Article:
In Re Don Giovanni’s flattening of high and low categories then necessarily rests on the affirmation of the popularised image of a ‘universal Mozart’ as a positive image. This means reducing the multi-faceted complexity and sophistication of Mozart’s music and image to its lowest common denominator, which is to say to stylistic indicators of ‘simplicity’ and ‘effortlessness’, elected for their collusion with Nyman’s personal agenda.


The Poignancy of Trysting Fields (1988)


‘Trysting Fields’… puts under a microscope… Mozart’s ‘affective’ deployment of the accented appoggiatura which partly accounts for the poignancy of this movement – a poignancy which I deliberately allowed to reach into my soundtrack.
Michael Nyman[45]


Trysting Fields (1988)[46], palimpsest on the second movement of Mozart’s Sinfonia Concertante K364 for violin and viola, seems based on an ambiguity: Nyman’s total reliance on Mozart’s text and materials could be seen at the same time as a way of distancing himself from expressive responsibilities, and of insinuating expressivity, by means of ‘deliberately allowing’ Mozart’s ‘poignancy’, as Nyman says, into the score.


This seeming paradox, I will argue, has its foundations in the experimental tradition, and it allowed Nyman to preserve the impersonal attitude of minimalism and at the same time to reveal and broaden the expressive potentials hiding behind that impersonal attitude. After tracing and delineating this ‘masked’ re-introduction of expressivity, I will propose two different hypothesis for the interpretation of Trysting Fields: in a first scenario, Nyman relies on Mozart’s culturally ingrained stylistic codes in order to recuperate a shared language within which expressive directedness can be reclaimed; according to scenario number two, Nyman’s reliance on Mozart’s stylistic gestures, rather than proposing a restorative solution to the loss of a common practice, expresses the impossibility of regaining that expressive directedness. Via analysis of Trysting Fields I will discuss how Nyman’s appropriation of Mozart presents both the affirmative dangers and critical potentials that scenarios number one and two respectively imply.


Mozart’s text as a gradual process


The whole material of Trysting Fields is based on Mozart’s Andante, more specifically, on its accented appoggiaturas:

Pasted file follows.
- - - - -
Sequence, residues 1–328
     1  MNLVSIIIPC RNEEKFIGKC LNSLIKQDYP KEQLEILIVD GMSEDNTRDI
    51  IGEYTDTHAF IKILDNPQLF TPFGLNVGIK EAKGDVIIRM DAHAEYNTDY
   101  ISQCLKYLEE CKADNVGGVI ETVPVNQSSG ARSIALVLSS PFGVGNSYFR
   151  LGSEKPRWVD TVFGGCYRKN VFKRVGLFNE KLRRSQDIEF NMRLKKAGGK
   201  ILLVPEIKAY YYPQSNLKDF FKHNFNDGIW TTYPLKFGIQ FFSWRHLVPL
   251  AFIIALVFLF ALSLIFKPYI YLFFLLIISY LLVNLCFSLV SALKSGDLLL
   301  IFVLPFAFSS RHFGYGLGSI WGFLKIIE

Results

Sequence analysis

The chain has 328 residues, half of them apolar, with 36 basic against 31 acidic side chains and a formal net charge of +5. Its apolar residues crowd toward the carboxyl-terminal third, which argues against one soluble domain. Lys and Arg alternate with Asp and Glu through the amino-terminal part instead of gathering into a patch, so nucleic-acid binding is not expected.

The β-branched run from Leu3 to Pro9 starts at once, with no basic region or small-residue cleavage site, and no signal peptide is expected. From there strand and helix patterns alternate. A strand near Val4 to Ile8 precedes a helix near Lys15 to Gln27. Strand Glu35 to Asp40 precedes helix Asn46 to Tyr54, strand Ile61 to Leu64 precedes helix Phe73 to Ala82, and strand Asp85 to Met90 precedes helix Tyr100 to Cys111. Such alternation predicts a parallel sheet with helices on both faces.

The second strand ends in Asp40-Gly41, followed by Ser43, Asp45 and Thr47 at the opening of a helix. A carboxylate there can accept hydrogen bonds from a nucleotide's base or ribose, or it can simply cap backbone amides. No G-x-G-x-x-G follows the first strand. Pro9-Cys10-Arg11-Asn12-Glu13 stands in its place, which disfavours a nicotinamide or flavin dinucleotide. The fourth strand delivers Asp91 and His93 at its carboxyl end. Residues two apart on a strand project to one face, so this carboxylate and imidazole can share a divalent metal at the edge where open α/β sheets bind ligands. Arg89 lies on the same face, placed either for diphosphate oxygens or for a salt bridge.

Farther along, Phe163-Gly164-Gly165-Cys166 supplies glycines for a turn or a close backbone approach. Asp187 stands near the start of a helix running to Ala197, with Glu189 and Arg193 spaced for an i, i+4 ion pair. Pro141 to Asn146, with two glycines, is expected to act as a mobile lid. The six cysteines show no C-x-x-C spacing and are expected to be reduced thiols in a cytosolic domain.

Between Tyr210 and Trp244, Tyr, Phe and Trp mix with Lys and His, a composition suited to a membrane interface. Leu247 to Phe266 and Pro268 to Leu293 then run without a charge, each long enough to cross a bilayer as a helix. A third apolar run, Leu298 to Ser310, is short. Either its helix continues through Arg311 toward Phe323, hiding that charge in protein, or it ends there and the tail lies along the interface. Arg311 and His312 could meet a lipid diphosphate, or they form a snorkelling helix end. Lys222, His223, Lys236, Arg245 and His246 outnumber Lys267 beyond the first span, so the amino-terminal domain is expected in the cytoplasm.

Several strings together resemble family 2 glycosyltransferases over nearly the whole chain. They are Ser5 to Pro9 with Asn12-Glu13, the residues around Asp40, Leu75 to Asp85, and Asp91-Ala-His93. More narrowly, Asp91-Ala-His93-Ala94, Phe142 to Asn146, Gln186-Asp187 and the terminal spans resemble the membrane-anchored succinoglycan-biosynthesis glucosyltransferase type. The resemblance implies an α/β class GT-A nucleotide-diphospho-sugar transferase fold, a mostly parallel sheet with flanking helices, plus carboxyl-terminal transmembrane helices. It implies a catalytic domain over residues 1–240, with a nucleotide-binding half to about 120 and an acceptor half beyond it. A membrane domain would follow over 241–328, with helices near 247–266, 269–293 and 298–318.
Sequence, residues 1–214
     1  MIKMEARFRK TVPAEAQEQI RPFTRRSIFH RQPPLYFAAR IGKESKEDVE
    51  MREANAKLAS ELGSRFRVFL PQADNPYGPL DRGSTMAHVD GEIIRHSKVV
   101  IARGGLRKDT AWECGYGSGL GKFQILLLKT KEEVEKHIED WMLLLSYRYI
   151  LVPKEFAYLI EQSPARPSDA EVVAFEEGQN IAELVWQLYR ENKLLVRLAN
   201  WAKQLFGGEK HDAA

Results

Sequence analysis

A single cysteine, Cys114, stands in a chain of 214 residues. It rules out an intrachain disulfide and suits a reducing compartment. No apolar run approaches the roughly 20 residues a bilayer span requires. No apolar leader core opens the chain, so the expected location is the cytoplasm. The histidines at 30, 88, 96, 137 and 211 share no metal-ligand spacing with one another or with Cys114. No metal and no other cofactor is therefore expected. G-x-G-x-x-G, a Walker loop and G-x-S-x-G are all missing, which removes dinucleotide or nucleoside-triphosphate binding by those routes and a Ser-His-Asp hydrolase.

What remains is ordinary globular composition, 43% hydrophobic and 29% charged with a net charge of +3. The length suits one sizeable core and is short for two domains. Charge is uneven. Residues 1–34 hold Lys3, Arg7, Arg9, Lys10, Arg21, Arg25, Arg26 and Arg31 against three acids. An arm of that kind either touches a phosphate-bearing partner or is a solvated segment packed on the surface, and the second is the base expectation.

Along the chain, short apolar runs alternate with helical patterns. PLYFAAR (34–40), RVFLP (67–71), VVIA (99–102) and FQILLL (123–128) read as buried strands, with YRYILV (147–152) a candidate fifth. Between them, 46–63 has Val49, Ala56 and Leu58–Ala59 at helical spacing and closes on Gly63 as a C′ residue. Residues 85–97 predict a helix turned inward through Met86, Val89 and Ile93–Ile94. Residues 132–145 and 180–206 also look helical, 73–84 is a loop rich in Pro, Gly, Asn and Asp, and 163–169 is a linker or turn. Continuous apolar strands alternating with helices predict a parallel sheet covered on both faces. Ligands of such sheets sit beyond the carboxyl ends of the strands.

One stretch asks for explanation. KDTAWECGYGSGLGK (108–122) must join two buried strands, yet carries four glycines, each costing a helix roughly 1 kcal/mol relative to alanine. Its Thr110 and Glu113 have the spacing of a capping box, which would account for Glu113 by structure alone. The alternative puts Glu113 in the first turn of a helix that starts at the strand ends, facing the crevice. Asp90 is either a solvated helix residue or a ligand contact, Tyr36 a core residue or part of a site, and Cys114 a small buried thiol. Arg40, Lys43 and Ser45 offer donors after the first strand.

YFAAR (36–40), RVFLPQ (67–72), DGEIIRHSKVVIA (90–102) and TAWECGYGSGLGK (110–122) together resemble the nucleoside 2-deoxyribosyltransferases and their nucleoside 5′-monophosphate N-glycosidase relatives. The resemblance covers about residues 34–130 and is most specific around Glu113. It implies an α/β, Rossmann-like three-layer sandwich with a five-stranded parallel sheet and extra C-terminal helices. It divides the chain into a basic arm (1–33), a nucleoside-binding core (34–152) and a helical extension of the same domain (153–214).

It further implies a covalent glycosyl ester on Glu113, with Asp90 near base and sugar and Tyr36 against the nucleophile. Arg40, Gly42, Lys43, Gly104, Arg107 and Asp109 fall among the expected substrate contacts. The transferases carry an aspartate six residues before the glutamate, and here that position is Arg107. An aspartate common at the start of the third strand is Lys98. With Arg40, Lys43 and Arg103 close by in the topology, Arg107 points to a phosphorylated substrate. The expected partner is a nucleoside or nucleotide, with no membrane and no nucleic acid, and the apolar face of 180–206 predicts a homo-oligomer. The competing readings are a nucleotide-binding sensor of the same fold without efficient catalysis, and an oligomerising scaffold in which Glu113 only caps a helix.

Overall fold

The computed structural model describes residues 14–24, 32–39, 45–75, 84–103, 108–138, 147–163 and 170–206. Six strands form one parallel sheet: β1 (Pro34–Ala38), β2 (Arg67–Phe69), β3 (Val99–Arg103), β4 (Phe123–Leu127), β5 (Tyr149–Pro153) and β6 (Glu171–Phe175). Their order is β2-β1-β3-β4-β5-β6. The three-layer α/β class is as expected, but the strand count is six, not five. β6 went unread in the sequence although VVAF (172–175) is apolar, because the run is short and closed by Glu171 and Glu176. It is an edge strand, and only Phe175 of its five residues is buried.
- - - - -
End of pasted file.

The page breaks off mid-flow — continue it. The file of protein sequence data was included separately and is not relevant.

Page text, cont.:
When I started analysing the musical structure of the slow movement I noticed that Mozart consistently used two decorative tricks of which the first – accented appoggiaturas – provides the complete substance of Trysting Fields. Basically I ‘sampled’ each of these appoggiaturas … repeated it three times…and moved on to the next one so that a totally new harmonic/melodic continuity is created which is so familiarly Mozartian but yet which self-evidently is not.[47]


The composition’s total reliance on a pre-existing text poses, in a particularly severe way, the general problem of dealing with the overt, surface presence of historical material in contemporary music, which is to say the problem of considering this overt presence in its own terms rather than pitching it against models of confrontation with the past which are deemed ‘deeper’ in that they suit our interpretative and analytical concern with the unveiling of subcutaneous structural relationships and influences.


Rather than dismissing it at the outset as ‘too facile’ or ‘parasitical’, Nyman’s overt reliance on Mozart’s text can be discussed in relation to the problematisation of the authorial subject radically posed by Cage and permeating the experimental tradition as a whole. Cage, equating authorial subjectivity with the composer’s control of musical relationships, from the fifties onwards employed chance procedures to refuse the traditional function of the ‘work’ as a means of self-expression and embrace an ideal of authorial impersonality. It is difficult to overstate the significance of this aspect of the Cage experience. To Nyman, the concern with impersonality seems to be the thread uniting the experimental tradition, to the point that at some stage he proposes to call the experimental aesthetic ‘New Objectivity’. The experimental composer, Nyman argues, ‘no longer feels the necessity of consciously influencing the creative process at every moment’.[48] Quoting Michael Parson, he argues that